Wednesday, 17 June 2015

The Quickening by Julie Myerson Review


Rachel gets knocked up by Dan who then proposes, they get married, and fly off to Antigua for their honeymoon. But a malevolent ghost from Dan’s past threatens their wedded bliss – it’s The Woman in Black: Haunted Holiday Edition!

It’s easy to see why, in a talk about the book, Julie Myerson mentioned her influences are Henry James and MR James because The Quickening is coma fuel. It’s not quite as bad as Henry James’ The Turn of the Screw, a story that haunts me to this day for its pure tedium, but it does have a lot in common with MR James’ upper-middle-class Edwardian nonsense. Well-off Brits enjoy a holiday and are bothered by spooky things seen out the corner of the eye – that’s basically the premise of a lot of MR James’ sleepy stories.

The Quickening is boring and filled with ghost story clichés. Rachel and Dan are one-dimensional dummies that aren’t even worthy of contempt for being so flat and uninteresting (Rachel is whiny, Dan is indifferent, you are counting the pages until the end). They meet other dreary holidaymakers, drink drinks, sit in chairs, swim in the ocean, sleep in a bed. Ok – so just like every other tourist who goes to Antigua. And that’s also most of the novel!

The clichés appear here and there to break up their uneventful schedule. Did that glass move? No, Rach, you’re imagining it. Ok, Dan – wait, did those curtains rustle? Etc. Scared yet? Dan suddenly turns into a scary husband for no reason, Rachel turns into the jumpy wife; who’s paranoid and who’s not, one character goes slowly crazy – it’s all stuff that’s been done a hundred times before without any original reimagining. The pregnancy angle reeks of Rosemary’s Baby too.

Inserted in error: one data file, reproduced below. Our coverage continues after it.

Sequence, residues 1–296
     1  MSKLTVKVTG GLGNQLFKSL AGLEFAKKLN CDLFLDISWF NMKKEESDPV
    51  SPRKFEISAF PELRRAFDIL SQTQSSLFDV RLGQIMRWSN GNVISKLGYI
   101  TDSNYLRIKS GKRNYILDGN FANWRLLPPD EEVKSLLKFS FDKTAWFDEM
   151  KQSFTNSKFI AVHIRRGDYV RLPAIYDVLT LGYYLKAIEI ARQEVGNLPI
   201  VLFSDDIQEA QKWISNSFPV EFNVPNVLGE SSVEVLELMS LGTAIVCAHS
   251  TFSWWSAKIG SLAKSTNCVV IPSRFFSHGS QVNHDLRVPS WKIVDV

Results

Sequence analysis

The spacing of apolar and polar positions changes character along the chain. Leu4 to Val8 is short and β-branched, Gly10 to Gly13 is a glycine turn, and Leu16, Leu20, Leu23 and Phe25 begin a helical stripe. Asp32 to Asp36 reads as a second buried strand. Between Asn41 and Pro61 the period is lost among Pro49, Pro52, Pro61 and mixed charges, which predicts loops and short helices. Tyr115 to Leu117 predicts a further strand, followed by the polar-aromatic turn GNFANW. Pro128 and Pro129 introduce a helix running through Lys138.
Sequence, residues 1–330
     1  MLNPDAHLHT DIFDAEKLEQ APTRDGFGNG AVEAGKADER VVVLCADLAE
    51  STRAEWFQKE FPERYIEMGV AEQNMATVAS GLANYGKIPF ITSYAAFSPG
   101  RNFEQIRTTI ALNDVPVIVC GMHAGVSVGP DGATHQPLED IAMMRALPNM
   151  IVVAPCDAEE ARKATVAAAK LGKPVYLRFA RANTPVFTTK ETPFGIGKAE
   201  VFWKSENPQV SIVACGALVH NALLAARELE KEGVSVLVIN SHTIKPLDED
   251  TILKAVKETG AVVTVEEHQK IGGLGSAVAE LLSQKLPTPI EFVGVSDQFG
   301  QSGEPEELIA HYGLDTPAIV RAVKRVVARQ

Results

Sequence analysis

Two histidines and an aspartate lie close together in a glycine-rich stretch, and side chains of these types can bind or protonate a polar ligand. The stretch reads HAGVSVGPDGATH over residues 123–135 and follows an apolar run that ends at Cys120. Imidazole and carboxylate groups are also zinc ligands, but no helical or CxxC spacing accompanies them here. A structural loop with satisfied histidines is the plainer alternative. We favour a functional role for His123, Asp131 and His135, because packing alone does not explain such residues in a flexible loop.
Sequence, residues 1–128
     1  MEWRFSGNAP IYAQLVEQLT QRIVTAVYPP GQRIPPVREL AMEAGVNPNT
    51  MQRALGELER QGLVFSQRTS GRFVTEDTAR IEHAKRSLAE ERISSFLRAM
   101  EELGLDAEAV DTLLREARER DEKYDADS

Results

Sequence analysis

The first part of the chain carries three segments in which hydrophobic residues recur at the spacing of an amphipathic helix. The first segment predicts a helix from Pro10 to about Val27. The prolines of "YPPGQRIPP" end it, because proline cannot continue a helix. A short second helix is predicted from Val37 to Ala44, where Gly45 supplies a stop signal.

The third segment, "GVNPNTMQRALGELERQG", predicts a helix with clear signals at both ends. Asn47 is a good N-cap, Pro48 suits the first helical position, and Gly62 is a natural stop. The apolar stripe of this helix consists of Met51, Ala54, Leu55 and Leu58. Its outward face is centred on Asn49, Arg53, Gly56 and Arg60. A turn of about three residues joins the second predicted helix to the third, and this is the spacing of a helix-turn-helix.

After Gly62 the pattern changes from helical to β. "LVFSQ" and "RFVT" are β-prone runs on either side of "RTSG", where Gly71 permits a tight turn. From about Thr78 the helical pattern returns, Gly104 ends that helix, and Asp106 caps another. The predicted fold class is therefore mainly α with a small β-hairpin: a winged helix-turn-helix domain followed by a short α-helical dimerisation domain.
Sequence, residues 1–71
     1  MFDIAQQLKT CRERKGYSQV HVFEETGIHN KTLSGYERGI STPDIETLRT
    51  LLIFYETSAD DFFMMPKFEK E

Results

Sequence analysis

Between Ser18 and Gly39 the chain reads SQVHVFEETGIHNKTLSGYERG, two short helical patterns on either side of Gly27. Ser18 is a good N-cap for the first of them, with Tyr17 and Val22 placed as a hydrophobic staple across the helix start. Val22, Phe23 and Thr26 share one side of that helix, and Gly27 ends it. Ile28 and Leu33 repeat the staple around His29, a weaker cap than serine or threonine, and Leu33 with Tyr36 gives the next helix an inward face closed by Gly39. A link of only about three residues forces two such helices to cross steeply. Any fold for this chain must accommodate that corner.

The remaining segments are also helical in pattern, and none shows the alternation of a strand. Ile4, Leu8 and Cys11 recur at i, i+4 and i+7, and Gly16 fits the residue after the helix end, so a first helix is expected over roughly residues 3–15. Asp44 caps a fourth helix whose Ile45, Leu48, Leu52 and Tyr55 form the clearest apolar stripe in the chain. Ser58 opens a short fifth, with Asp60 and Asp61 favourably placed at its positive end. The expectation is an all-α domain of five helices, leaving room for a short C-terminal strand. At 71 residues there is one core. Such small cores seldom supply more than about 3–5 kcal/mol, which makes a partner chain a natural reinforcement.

Without getting into spoilers, once you get to the end, none of those cheap ghostly goings-on marry up with the story Myerson’s clumsily constructed. They were very obviously there to remind you that you were reading a (pitiful) ghost story instead of some dull holiday romance book for bored housewives, not because they made sense in the plot. If you read this, ask yourself how any of the things leading up to it fit in with regards the big “reveal”, and then ask yourself “why now – why did gsdjiojdsg choose this moment in time to do all of this?”. The twist ending, far from being shocking, comes off as a desperate and amateurish move to startle readers from the comfortable doze they’ve been in up to that point.

The story is a snoozefest but the writing is competent and, like a lot of modern novels, eschews quotation marks for dialogue. That might put some readers off but I liked the way thoughts, speech and narration all blended together naturally. It’s also relatively short (a “quickening” read, ho ho!) so it’s mercifully over quite soon. Those are the only real positives I can glean from this!

Julie Myerson’s The Quickening joins the other recent Hammer Horror books – Jeanette Winterson’s The Daylight Gate, Helen Dunmore’s The Greatcoat, Lynne Truss’ Cat Out of Hell – that have turned out to be incredibly poor horror offerings. Maybe if you’re a MR James/Henry James fan you’ll find something to enjoy in this book (though you’ll probably be tut-tutting that things aren’t going slow enough); otherwise, I’d skip this and try Shirley Jackson instead for quality, genuinely creepy horror storytelling.

The Quickening

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